Trump administration's mixed messages on North Korea

media captionPresident Trump threatened a response 'like the world has never seen'

At a time when nuclear war with North Korea seems a possible - if distant - threat, you'd think everyone would want the US administration to be on the same page.

But in recent weeks, statements from President Trump and his top officials appear to directly contradict each other.

President Trump's outburst on Friday - that the US military was "locked and loaded" ready to deal with North Korea - came just hours after his Defence Secretary James Mattis attempted to cool tensions by saying that diplomatic efforts were succeeding.

Here are some of the other mixed messages we've heard since North Korea's second intercontinental ballistic missile (ICBM) test on 28 July.

Military action

What Trump said:

President Trump was pleased when the UN agreed new sanctions against Pyongyang. But he has also stressed the military option was open.

On Tuesday, he boasted about America's military might and warned of "fire and fury" if North Korea threatened the US.

Then, after North Korea said it was preparing missile strikes on the US island territory of Guam, he took it up a notch again - saying the regime of Kim Jong-un should be "very, very nervous". He said the regime would be in trouble "like few nations have ever been" if they did not "get their act together".

What other officials said:

Despite Mr Trump's tweets, many in his team have played down the prospect of war.

Shortly after Mr Trump's comments on Guam, Gen Mattis cautioned that armed conflict would be "catastrophic" and insisted diplomacy was bearing fruit.

"The American effort is diplomatically led, it has diplomatic traction, it is gaining diplomatic results," Gen Mattis said.

media captionMattis: "The tragedy of war is known... it would be catastrophic"

US Secretary of State Rex Tillerson has also told reporters: "I think the president's made it clear he prefers a diplomatic solution."

He argued that Mr Trump's words were designed to encourage dialogue with Pyongyang "by ensuring North Korea understands what the stakes are".

Mr Tillerson has previously stressed the importance of sanctions - warning that any nation that provided economic or military benefits to the North was "aiding and abetting a dangerous regime".

Blaming China

What Trump said:

President Trump has praised China in the past, saying it is "trying hard" to rein in North Korea.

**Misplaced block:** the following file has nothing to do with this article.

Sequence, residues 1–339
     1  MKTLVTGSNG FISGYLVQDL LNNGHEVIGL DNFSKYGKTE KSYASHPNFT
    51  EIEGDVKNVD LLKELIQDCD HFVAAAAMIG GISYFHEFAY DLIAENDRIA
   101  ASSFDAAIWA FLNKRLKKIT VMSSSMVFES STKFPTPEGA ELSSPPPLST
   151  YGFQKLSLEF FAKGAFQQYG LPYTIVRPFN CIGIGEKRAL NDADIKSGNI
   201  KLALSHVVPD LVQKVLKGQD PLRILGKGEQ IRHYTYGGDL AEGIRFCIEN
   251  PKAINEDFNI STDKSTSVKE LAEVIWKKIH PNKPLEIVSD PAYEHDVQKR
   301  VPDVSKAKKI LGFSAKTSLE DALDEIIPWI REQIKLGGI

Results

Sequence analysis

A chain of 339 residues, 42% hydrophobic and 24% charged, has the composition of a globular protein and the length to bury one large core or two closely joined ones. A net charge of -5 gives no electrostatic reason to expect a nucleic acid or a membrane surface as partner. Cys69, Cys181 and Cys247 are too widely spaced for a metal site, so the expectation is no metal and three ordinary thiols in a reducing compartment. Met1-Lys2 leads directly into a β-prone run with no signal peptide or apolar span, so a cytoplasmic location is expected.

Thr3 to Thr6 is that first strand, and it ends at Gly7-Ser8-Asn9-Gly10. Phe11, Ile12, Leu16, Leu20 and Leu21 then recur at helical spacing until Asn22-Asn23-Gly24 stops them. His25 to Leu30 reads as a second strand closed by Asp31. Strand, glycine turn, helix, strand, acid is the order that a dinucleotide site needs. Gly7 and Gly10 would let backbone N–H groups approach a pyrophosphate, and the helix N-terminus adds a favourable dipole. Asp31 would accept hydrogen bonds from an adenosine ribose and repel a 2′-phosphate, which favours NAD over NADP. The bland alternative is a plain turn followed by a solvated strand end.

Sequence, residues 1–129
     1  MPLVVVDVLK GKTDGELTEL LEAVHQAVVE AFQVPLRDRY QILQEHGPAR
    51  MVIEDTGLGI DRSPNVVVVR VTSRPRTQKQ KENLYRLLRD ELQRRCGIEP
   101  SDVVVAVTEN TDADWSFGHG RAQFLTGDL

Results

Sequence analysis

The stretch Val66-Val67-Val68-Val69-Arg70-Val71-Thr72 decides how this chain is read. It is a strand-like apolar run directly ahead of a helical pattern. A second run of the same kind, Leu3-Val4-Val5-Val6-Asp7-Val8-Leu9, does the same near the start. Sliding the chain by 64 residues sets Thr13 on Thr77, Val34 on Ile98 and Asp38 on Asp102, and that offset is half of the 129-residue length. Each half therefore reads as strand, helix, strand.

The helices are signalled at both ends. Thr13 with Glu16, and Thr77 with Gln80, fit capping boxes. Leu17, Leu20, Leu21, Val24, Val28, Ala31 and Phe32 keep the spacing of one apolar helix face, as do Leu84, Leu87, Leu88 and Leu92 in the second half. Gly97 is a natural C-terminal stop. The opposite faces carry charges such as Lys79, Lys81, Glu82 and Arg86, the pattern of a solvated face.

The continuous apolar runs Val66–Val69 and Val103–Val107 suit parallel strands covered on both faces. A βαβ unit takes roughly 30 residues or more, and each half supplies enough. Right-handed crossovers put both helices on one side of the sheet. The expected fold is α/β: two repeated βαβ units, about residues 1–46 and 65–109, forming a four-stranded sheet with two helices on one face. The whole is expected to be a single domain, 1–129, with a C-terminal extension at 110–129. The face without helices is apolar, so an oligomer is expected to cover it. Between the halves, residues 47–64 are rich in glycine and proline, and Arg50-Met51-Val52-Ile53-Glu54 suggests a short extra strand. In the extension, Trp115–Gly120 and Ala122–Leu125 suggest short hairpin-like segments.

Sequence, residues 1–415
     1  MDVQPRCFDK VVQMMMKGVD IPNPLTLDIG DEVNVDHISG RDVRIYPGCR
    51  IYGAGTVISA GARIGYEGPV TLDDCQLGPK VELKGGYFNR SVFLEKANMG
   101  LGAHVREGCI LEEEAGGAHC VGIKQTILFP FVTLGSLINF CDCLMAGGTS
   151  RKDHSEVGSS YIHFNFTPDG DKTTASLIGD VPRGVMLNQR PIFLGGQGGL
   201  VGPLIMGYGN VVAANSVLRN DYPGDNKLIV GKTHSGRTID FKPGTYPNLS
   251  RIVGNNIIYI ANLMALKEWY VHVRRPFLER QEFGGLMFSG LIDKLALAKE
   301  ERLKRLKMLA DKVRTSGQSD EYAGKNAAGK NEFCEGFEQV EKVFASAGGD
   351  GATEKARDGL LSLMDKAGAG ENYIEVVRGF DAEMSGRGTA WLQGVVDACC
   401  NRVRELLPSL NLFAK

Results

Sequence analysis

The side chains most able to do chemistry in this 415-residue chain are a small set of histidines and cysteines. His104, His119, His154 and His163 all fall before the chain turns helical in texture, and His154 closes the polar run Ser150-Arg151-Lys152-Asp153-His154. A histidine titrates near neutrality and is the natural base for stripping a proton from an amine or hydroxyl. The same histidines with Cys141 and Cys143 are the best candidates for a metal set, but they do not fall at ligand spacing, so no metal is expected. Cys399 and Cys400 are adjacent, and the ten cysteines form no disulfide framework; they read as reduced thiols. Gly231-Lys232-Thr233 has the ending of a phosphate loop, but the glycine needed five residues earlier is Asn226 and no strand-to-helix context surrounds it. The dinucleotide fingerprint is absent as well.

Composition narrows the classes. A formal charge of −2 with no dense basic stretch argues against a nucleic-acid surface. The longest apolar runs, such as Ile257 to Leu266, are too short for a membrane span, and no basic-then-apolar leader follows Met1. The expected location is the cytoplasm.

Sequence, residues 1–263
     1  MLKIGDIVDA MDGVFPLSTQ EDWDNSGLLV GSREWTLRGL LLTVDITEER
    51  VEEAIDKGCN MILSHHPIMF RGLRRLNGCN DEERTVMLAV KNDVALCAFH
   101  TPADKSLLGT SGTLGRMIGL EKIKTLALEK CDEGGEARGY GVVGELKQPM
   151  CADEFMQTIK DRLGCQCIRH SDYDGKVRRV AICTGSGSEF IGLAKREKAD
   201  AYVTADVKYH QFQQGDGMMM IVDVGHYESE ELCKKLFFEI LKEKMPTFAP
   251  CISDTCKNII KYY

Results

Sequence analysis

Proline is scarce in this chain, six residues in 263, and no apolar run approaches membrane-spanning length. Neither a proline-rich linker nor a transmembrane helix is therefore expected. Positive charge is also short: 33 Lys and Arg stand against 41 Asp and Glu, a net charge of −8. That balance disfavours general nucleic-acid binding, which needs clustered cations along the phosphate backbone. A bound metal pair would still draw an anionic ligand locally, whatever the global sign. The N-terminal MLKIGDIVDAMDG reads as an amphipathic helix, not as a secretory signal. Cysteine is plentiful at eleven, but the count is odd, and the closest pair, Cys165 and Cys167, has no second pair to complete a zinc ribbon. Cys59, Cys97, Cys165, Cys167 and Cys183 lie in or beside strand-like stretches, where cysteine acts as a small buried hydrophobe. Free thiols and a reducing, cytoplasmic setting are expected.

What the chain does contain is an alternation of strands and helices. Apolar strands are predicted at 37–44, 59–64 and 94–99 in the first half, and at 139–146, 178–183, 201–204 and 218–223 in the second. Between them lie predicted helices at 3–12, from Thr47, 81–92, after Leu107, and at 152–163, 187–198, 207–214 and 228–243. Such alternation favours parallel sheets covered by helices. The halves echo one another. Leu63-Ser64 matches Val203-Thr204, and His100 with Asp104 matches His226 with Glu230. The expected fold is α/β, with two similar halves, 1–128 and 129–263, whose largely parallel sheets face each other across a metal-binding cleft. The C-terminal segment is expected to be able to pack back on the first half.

However, in recent months, he has repeatedly criticised Beijing for continuing to trade with Pyongyang.

"So much for China working with us," the US president tweeted the day after North Korea claimed to have tested its long-range missile.

At the end of July, he again said he was "very disappointed" with China for not doing enough to stop North Korea's weapons programme.

"They do NOTHING for us with North Korea, just talk," he wrote on Twitter.

What others said:

Back in June, Gen Mattis had praised Beijing's efforts to restrain North Korea's missile and nuclear activity.

And on 2 August, Mr Tillerson said: "We certainly don't blame the Chinese for the situation in North Korea."

Anything to worry about?

What Trump said:

The president has ratcheted up his rhetoric, warning that if North Korea attacks Guam it should expect "big, big trouble".

"If he [Kim Jong-un] utters one threat in the form of an overt threat... with respect to Guam or anyplace else that's an American territory or an American ally he will truly regret it and he will regret it fast."

However, he has also struck an optimistic tone, saying: "Hopefully, it will all work out... nobody loves a peaceful solution better than President Trump."

What others said:

Secretary Tillerson has sought to assure Americans there is no imminent threat, despite some of the strong words from his boss.

On Wednesday, he said the situation had not changed dramatically in recent days and that Americans "should sleep well at night".

media captionDon't listen to Tillerson - White House

However, top Trump aide Sebastian Gorka told BBC News that Mr Tillerson was not actually speaking for the White House.

"You should listen to the president," Mr Gorka said. "The idea that Secretary Tillerson is going to discuss military matters is simply nonsensical.

"It is the job of Secretary Mattis to talk about military options."

Seeking regime change

Sometimes Mr Trump's officials appear to disagree with each other too.

Mr Tillerson struck a conciliatory tone after Pyongyang tested a second ICBM in July and claimed it could hit the US west coast.

"We do not seek a regime change, we do not seek the collapse of the regime," he said. "We're not your enemy."

media captionRex Tillerson: We don't seek regime change in North Korea

However, just days later Gen Mattis warned North Korea that its actions could usher in the "end of its regime and the destruction of its people".

The Pentagon chief also said Pyongyang would be "grossly overmatched" in a war against the US and its allies.

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